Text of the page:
Friday, October 04, 2013

Can we afford these high priced bureaucrats anymore?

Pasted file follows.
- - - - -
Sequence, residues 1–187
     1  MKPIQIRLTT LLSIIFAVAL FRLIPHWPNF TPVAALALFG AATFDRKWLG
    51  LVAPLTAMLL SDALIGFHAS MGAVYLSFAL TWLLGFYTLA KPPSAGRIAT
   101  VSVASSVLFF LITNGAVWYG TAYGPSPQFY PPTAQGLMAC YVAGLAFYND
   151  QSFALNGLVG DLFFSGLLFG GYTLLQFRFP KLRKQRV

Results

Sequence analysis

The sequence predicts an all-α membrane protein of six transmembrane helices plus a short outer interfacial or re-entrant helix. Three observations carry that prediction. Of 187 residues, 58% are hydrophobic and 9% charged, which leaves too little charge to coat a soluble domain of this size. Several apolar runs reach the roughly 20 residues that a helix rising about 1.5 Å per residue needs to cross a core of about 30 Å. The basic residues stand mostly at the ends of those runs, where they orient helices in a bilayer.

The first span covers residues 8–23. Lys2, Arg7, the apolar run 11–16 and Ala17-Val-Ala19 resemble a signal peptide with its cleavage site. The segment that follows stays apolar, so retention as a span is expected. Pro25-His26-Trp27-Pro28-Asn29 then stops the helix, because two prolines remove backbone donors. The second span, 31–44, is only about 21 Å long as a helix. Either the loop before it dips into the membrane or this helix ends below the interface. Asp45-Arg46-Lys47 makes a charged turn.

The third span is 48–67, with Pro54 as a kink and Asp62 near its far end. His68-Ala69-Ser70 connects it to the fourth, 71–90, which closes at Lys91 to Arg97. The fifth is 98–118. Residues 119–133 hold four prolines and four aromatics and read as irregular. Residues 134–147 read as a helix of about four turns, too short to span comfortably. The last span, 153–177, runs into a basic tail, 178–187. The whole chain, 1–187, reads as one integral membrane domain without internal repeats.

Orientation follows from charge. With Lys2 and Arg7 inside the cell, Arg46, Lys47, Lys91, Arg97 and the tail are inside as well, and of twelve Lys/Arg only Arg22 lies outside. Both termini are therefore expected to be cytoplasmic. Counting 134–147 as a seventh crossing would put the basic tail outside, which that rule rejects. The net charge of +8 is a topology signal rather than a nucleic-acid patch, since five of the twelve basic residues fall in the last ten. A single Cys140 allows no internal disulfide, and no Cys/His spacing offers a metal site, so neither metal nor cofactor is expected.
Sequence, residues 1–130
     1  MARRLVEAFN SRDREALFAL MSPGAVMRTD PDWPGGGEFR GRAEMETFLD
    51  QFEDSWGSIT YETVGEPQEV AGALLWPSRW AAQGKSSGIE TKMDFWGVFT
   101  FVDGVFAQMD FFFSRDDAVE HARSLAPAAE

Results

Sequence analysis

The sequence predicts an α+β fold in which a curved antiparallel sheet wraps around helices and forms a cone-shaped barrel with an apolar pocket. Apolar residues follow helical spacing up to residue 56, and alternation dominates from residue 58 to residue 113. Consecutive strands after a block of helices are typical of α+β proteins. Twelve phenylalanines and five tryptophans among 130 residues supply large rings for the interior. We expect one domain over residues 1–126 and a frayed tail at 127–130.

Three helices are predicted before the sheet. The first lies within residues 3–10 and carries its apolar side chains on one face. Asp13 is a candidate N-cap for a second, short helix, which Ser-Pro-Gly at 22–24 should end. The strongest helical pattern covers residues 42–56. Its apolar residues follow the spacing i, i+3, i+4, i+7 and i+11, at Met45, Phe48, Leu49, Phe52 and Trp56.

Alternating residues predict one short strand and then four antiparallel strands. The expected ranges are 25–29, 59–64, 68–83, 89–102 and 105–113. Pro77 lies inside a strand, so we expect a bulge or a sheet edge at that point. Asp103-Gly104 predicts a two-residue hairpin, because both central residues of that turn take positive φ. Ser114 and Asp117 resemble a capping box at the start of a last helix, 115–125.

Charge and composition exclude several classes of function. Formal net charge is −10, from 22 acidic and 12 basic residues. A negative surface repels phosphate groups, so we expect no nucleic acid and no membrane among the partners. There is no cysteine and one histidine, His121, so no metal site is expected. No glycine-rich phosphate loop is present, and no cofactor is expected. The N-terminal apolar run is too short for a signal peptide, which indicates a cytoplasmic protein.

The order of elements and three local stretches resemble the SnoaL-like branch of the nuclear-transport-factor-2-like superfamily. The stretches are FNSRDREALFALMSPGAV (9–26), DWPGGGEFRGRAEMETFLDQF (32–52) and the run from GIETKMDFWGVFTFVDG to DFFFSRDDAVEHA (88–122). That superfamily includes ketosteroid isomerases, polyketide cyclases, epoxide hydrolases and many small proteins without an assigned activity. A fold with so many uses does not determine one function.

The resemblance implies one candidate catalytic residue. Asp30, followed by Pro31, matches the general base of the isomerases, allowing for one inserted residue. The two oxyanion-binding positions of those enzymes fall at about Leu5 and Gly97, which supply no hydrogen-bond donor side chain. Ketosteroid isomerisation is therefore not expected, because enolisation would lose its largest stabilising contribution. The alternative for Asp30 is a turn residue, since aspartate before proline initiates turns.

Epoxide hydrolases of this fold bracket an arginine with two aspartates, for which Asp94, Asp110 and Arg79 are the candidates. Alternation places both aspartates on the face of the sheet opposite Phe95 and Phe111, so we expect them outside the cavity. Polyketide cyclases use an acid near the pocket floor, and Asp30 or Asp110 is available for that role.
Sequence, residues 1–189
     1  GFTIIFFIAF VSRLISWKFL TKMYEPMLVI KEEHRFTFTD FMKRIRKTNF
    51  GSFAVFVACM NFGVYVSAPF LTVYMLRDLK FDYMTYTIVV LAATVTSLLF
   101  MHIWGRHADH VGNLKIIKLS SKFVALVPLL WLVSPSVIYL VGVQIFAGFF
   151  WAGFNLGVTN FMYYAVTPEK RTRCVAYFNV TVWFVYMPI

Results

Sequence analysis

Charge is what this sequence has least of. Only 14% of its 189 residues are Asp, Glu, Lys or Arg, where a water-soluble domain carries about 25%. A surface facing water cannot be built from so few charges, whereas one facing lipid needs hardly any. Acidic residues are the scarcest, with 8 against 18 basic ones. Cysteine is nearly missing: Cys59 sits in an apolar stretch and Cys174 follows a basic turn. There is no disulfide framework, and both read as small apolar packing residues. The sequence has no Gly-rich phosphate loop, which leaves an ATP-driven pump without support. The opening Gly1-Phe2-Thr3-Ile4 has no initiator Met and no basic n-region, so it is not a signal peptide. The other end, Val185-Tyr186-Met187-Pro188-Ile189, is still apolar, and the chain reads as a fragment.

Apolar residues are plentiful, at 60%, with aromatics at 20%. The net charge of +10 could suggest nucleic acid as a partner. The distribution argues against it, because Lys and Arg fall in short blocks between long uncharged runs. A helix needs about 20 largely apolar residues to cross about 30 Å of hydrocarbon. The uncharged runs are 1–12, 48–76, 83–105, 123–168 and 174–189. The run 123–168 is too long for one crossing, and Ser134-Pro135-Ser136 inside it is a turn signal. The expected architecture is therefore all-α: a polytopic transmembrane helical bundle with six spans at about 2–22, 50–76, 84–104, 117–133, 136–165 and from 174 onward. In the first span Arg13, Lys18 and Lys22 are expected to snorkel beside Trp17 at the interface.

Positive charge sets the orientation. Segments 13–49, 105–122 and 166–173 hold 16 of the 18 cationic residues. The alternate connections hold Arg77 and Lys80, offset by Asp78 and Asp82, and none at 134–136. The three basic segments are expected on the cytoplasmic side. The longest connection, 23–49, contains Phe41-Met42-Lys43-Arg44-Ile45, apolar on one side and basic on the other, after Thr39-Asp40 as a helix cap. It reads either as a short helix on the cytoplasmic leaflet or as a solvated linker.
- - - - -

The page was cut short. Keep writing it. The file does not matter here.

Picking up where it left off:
Fat-cat bureaucrats at Manitoba’s largest school division are raking in the bucks with pay raises as high as 26% over the past two years, while school trustees demand taxpayers dig even deeper into their pockets for another round of property tax hikes this year. School trustees at the Winnipeg School Division keep telling us they have no choice but to jack up taxes every year in order to preserve important educational programs for kids. This year the division is considering a property tax increase of 6.8%. The proposed hike comes on the heels of a 7.8% property tax increase last year. And while some of that money will go towards teachers’ salaries and other legitimate cost increases, it will also go towards paying the skyrocketing salaries of senior bureaucrats at the division. WSD’s chief superintendent Pauline Clarke is the highest paid bureaucrat at the division. She took home $198,071 in pay in 2011, up a staggering 16.2% over what she got in 2009. Superintendent of inner-city schools Karen Seiler — representing one of the poorest neighbourhoods in the province — got a mind-boggling raise of 26.1% over the past two years, cashing in a paycheque worth $138,938 in 2011. And these bureaucrats try to tell us with a straight face that they have no choice but to jack up our taxes? Give me a break. Just to put the chief superintendent’s salary into perspective, she is paid 39% more than the premier of Manitoba. Premier Greg Selinger was paid $142,071 in 2011. In fact, the division’s assistant secretary-treasurer — yes, “assistant’ — is paid about the same as the premier of Manitoba. Go figure. Assistant secretary-treasurer Tom Bobby made just a little bit more than Selinger in 2011 at $142,502. What’s incredible is that the division still employs five high-paid superintendents — a chief superintendent and four area superintendents — on top of an army of directors, managers and consultants. Do taxpayers really need to pay for five superintendents at the Winnipeg School Division? Meanwhile, where do these pay raises come from, anyway? Seriously, raises of 16% and 19% over two years? I don’t know too many teachers getting annual raises of 8% and 9%. The reality is, the division has done nothing to curb its growing bureaucratic costs. Senior administrators happily give themselves outrageous wage increases and then cry poverty, claiming they’re not getting enough tax dollars from property owners. They’re actually talking about raising property taxes in this division by a stunning 14.6% over two years. Where do they think average taxpayers will get that money from? Sorry, but most of us aren’t getting 16.2% pay raises over two years, Ms. Clarke. Maybe you can afford a 14.6% property tax hike. But it’s a bit out of range for your average working-class stiff trying to pay the bills and keep up with other rising costs. These guys are completely out of control. They have the delegated authority from the Selinger government to jack up taxes every year and they face no repercussions for it. Education Minister Nancy Allan throws her hands in the air and claims there’s nothing she can do about it. She says school divisions have the authority to jack up taxes if they want. Actually, Ms. Allan, that legislative authority comes from you. Meanwhile, the little guy with the $125,000 home gets shafted with another higher tax bill. And what does that taxpayer get in return for paying the school division more money at triple the rate of inflation? Nothing. What an absolute sham.

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